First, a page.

The tobacco industry has launched an advertising campaign against the New Zealand government’s proposal to introduce plain packaging of tobacco products. According to the media campaign, plain packaging will simultaneously decrease government revenue and increase youth smoking uptake.
The industry’s arguments are the same as those broadcast in Australia: plain packaging will infringe its intellectual property rights, expand the black market in tobacco, jeopardise foreign trade and drive down prices. But it seems the the government isn’t persuaded by these arguments.
Minister of Health Tony Ryall was blunt. “British American Tobacco is wasting its money”, he said. According to Ryall, tobacco companies have little credibility these days, and anyway there is a broad base of public support for government action to cut smoking rates.
Still, the legislation to implement plain packaging is not certain. The government has agreed in principle, and has published documents that describe in detail the rationale for introducing plain packaging of tobacco products. But senior members of the government signal caution.
Prime Minister John Key says “There is a lot of things we need to consider – I wouldn’t say it’s a slam dunk by any chance that plain packaging would take place.”
It’s not pubic opinion that’s holding them back. Ryall is right – on the whole, New Zealanders distrust the tobacco industry and support strong action against smoking. Instead, it’s the international reaction to plain packaging that worries Key, Ryall and colleagues. Specifically, what challenges the country might face under existing trade laws, and how a move to plain packaging might complicate agreements now under negotiation.
There is reason to be cautious, according to Jane Kelsey, professor of law at the University of Auckland. Kelsey warns that the industry is likely to use a number of devices to obstruct radical restrictions on the supply of tobacco.
There are several routes by which cases could be brought to the World Trade Organization, along the lines of those lodged by the Ukraine and Honduras in objection to Australia’s proposal for plain packaging. (Note that New Zealand’s moral authority in health and trade matters has been somewhat compromised by the objections it raised last year against Thailand’s declared intention to introduce graphic warning labels on alcohol. But then, so has Australia’s.)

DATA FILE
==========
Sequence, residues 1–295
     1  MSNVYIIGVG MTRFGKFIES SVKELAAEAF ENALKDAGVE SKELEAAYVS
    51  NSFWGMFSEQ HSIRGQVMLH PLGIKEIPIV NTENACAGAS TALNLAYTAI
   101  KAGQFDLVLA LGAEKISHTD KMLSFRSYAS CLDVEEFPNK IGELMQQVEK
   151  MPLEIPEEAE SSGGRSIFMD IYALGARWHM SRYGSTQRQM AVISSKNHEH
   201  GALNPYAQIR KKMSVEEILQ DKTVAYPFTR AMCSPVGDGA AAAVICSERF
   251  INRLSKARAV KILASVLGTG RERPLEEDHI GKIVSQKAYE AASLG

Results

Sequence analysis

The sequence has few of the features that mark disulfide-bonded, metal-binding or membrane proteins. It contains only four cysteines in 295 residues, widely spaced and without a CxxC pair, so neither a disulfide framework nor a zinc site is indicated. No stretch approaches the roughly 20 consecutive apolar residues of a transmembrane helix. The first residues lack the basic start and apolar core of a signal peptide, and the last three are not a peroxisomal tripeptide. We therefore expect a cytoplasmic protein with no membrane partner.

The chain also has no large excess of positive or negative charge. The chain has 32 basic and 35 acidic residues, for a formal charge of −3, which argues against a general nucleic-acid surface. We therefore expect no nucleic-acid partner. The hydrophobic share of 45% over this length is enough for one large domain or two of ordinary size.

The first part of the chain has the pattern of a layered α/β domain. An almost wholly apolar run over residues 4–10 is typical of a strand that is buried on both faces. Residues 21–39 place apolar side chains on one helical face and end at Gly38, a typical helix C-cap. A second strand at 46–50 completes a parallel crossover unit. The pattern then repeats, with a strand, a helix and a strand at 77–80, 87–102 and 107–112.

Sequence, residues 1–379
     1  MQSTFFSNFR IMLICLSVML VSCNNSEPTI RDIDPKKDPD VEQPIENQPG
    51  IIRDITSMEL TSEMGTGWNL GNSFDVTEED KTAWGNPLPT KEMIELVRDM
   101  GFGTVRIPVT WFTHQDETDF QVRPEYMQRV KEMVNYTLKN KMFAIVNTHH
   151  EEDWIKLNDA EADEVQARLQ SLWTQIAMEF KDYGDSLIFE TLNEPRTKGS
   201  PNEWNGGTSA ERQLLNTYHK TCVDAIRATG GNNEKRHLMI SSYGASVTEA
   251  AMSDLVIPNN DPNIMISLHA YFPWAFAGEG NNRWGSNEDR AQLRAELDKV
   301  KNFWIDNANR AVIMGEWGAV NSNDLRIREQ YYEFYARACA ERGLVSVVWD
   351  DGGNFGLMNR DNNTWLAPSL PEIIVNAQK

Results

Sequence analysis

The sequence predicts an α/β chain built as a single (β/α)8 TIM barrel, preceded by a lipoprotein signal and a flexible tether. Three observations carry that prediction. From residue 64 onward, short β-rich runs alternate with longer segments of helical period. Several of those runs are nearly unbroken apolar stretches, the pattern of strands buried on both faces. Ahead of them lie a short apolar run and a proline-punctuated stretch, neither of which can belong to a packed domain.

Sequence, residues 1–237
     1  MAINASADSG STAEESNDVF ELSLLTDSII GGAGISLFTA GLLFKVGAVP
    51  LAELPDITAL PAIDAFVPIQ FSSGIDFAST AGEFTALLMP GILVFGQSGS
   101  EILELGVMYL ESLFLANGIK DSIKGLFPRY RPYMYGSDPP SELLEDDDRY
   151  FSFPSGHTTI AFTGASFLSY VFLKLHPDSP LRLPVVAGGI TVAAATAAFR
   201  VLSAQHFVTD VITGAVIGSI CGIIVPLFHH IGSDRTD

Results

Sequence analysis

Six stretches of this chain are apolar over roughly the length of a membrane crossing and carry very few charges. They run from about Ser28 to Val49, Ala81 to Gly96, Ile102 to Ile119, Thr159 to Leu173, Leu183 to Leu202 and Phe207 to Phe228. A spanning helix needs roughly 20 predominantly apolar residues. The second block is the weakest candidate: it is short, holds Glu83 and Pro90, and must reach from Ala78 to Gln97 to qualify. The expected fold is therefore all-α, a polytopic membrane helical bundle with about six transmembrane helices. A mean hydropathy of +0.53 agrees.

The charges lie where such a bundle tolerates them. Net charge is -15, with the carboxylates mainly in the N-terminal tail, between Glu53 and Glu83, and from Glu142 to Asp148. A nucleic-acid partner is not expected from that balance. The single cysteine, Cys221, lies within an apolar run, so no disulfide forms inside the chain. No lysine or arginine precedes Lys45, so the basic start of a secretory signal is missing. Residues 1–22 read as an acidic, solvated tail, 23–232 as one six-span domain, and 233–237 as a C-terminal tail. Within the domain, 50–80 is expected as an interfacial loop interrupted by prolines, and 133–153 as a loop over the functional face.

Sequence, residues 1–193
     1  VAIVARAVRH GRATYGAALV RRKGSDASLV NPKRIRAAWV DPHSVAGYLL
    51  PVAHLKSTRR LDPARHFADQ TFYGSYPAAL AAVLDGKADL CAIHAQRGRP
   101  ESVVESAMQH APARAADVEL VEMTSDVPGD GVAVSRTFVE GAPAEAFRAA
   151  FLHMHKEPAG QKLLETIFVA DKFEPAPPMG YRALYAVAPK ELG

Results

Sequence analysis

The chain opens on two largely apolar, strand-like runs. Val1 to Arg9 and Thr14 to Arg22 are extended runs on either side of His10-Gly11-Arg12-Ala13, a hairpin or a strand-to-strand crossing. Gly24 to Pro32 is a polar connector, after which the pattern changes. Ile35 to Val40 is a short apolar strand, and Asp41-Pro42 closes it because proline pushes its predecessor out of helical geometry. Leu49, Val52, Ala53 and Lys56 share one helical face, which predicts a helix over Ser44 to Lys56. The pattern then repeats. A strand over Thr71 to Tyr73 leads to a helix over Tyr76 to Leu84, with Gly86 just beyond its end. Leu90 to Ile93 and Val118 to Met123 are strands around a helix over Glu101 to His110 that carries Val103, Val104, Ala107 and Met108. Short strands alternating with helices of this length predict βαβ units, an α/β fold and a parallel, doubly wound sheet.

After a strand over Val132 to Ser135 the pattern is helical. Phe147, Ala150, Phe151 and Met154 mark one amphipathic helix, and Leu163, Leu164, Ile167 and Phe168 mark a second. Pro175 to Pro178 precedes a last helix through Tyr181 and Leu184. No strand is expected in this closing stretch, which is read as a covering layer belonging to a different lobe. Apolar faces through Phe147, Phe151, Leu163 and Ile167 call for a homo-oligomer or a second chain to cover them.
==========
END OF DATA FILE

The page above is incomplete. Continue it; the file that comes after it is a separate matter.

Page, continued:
Dangers in the TPPA
In some respects, New Zealand may be less vulnerable than Australia – the country has signed few investor agreements that permit enforcement against domestic policy. But this would change if New Zealand agreed to investor-state enforcement powers under a Trans Pacific Partnership Agreement (TPPA).
Key and his colleagues have high hopes for the TPPA, but the arrival of the United States relatively late in the process has raised the risks considerably. The United States is pushing for stronger intellectual property and other investor protection conditions as part of the TPPA, and if these are included, the tobacco industry will be in a much stronger position to challenge policies such as plain packaging.
As Kelsey and others have pointed out, the threat of action may be sufficient to discourage governments, given the high costs of defending a national position, and how difficult it is to predict the outcomes from investment tribunals.
The high road
But let’s not forget the bigger picture on tobacco. In New Zealand, we have a conservative government – not enamoured of regulation – that has raised tobacco taxes substantially (smokers are likely to be paying at least $1 a cigarette by 2016) and banned point of sale displays. With a strong nudge from its Maori Party coalition partners, the government has signed up to making the country smoke-free by 2025.
Will we get there? Smoking statistics are pointing in the right direction – unpublished data for the second half of 2011 show that the proportion of the population smoking every day is down to 16%, a fall of two percentage points in five years. But the trends are not strong enough, even if “smoke-free” is loosely interpreted as a smoking prevalence of under 5%.
This is the importance of plain packaging: it is a test of government commitment to tighten the screws on supply, to continue the shift from viewing tobacco as a consumer commodity to treating it as a hazardous substance, and to balance the virtues of global trade against what is needed for health protection at home.